Are less women applying for VC funding?
The Next Women isn’t just a VC fund. The Network side of the organization is focused on educating female entrepreneurs about the ins and outs of pitching and preparing for VC funding. And education is a really important side of the story. As Rixt explained:
“What we see is that there's a gap in funding but there’s also a knowledge gap. Women are risk aware. So, if they don't understand the full picture, they’ll see more of a risk and won’t be comfortable taking that step.
If you look at the sociological/psychological side of how we raise different genders, women tend to be raised more as part of the community and as caretakers, needing to be there for others. There's this sort of burden on our shoulders and that makes it more difficult to take these big leaps of faith and just go for it. Meanwhile, men are raised more as individuals so they often feel that they can take more risk.
What you see happening is that a lot of women keep funding themselves with their own cash flow and growing organically. In the end, that does build very sustainable, long term businesses.”
But for those companies that could use a capital boost, The Next Women organizes funding morning cycles where they help review founders’ pitch decks, investor memorandums and term sheets. They also help entrepreneurs determine when it's the right time to go for funding, what different opportunities are out there, and what the granular growth path would be. This educational journey goes across the spectrum, from preparing for their first pitch to angel investors to applying for VC funding.
“There's a different mentality. I'm not saying that there aren’t a lot of women who already go for venture capital funding because, as we’ve seen with our own fund, they do. But, in general, you'll see that if women understand the full picture, then they're also more keen to go for it.”
It’s not about simply inviting women to the game, it’s about rethinking how it’s played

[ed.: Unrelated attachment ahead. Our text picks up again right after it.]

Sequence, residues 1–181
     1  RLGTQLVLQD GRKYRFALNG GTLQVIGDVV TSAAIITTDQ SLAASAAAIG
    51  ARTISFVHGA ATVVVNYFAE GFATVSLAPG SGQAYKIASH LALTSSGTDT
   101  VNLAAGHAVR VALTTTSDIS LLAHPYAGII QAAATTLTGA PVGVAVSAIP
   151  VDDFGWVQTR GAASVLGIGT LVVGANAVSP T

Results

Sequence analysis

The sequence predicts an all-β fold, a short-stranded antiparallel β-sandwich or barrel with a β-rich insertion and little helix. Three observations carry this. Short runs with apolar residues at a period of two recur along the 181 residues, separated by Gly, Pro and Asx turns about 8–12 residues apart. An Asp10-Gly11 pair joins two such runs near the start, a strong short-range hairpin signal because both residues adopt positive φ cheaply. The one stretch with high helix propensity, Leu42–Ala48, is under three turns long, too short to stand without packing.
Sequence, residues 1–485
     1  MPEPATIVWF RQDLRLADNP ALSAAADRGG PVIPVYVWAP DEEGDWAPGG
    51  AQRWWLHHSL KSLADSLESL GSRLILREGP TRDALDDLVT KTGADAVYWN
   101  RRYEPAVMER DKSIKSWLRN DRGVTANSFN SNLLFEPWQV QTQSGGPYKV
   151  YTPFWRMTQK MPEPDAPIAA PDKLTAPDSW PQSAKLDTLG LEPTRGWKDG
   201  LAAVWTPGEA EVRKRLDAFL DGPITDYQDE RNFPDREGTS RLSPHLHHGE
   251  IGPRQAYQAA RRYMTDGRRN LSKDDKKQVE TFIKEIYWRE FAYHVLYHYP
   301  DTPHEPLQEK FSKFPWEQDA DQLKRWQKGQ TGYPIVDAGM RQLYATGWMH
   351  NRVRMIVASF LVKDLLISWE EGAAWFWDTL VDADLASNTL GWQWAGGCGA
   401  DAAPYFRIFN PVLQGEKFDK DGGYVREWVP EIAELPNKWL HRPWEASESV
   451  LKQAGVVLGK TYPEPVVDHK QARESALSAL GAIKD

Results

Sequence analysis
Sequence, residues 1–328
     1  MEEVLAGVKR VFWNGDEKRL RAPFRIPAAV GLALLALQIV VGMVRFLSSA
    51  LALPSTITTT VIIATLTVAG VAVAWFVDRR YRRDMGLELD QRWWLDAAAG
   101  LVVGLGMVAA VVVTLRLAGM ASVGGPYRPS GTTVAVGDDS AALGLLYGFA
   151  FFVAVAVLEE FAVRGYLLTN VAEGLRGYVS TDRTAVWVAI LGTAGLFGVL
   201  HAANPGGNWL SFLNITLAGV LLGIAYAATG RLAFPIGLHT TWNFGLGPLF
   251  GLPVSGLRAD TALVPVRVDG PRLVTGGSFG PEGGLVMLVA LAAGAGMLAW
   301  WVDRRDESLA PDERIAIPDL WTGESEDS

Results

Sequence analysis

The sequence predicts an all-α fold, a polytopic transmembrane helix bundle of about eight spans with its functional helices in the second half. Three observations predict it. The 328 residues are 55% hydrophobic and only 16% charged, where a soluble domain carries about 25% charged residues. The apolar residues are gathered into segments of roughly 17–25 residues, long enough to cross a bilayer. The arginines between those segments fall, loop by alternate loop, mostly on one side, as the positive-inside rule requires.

A study by the Boston Consulting Group found that, for every dollar you invest in a female-led startup, they generate 78 cents in revenue. While for every dollar that you invest in a male-led startup you get 31 cents. And, indeed, the fact that so many more female led startups fund their own growth is a testament to their ability to bootstrap and create lean, sustainable businesses.
Yet, according to Techleap’s Gender Diversity Report, between 2008-2019 only 5.7% of Dutch VC firms invested in startups with a female co-founder. And, female founders that did receive funding received significantly less per round than their male counterparts.
“The game is played on different stakes. It's set in such a way that you're investing in 10-20 companies, knowing that 90% will fail but looking for that one shooting star that will make up for everything. That's the name of the venture capital game.
And that’s not the way that women in general build companies. I've never really spoken to a female entrepreneur that's just in it to make money. There's a lot of them that are profit driven, want to be successful and make it big, but it's never the sole driver. Often female founders are looking to make a longer-term, social impact, provide for their employees and their community.
But I have met male entrepreneurs who say, I just want to be a millionaire by the time I'm 40 or I just want to shoot big and then go home. So there's a different mentality.
And that also translates into the communication of these VC funds because they're looking for companies that want to go big, fast, hard and not to the ones that might have slightly more gradual but stable growth.
How are we going to create that change? It's not by saying, ‘This is the game, this is the way we play it. If you want to join our club, then you need to learn the rules and wear the right jersey.’
It's about looking at what our current situation is, what the roles and motivators are, and asking, ‘Why isn't everyone already in? What are we doing right now that's excluding a large portion of the population?’”